I, like others, want to be certain of everything: certain that what I believe in is correct, certain that I can prove what I stake my life on, certain that I am doing the correct thing with my life; the list goes on. But what I have come to realize over the past year or so (not by my own discovery, but rather through the wisdom of others) is that what is important is not the level of certainty I have in what I do, who I am, or what I believe in, but rather the level of authenticity I live the life I have chosen freely.
Not to get too philosophic, Nietzschean, or simply depressing, but we cannot be certain of too much in this life. [I understand I am using the word “certain” in a pretty specific sort of way.] We can take our “wrecking ball of doubt” like Descartes (thanks, Floyd) to everything. We can stand in the wake of the wreckage and feel a sense of emptiness; or we can realize that this certainty we were searching for was never supposed to be there. Its absence is only depressing insofar as we assumed it was present. Aware of this, we can assume the responsibility of living our lives authentically – authentically attached to the way of life we have freely chosen.
To use a simple example, imagine a man who is working administration at a small trucking company. He could constantly ask himself whether or not he is in the right profession, whether or not he was created to be doing something else. It is not as if he is not good at his job, but this man is a questioner. Despite this man’s ponderings, he can never be certain that this job of his is the best use of his abilities. He has two choices: seek different employment and test himself, or, be fine with his uncertainty and work at his present job authentically – working to the best of his ability.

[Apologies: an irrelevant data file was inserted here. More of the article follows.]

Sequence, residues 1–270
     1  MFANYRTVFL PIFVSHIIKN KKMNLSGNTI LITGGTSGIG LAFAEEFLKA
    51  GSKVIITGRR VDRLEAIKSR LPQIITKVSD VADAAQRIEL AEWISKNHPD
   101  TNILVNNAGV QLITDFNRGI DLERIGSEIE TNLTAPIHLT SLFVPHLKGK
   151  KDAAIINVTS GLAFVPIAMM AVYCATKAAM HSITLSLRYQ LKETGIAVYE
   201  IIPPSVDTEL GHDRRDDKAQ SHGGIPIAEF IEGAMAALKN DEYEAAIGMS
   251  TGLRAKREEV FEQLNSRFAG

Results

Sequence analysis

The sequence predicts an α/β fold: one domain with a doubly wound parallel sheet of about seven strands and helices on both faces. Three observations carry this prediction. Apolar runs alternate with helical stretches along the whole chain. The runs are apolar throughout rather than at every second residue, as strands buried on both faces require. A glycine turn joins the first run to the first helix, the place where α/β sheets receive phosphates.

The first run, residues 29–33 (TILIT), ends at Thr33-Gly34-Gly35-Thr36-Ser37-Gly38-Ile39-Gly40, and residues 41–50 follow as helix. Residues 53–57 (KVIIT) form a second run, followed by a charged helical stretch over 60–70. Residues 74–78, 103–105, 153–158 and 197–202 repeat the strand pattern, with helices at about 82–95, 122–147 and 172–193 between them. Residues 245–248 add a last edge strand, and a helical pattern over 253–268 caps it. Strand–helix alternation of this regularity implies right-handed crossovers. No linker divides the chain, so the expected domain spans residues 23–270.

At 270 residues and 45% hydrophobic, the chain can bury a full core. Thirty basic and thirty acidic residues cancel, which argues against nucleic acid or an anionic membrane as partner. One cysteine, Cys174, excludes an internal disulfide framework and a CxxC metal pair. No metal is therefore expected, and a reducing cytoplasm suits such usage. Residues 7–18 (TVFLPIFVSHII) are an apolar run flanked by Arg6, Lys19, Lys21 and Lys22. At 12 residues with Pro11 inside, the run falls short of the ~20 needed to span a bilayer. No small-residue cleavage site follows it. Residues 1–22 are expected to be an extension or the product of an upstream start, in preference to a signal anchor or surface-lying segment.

I need often to stop myself from desiring certainty. I need to be more concerned with living my life authentically. PS: Sometimes I nostalgically think that the searching and concerned atheist or agnostic is somehow more honest than a doubting Christian. However, this is not true. This atheist or agnostic is AS certain of his tenants of life as the doubting Christian. If we are beginning with the premise that nothing can be known certainly [back to my earlier use of “certain”], perhaps the only difference between the concerned atheist and the doubting Christian is the level of authenticity with which they live their respective lives.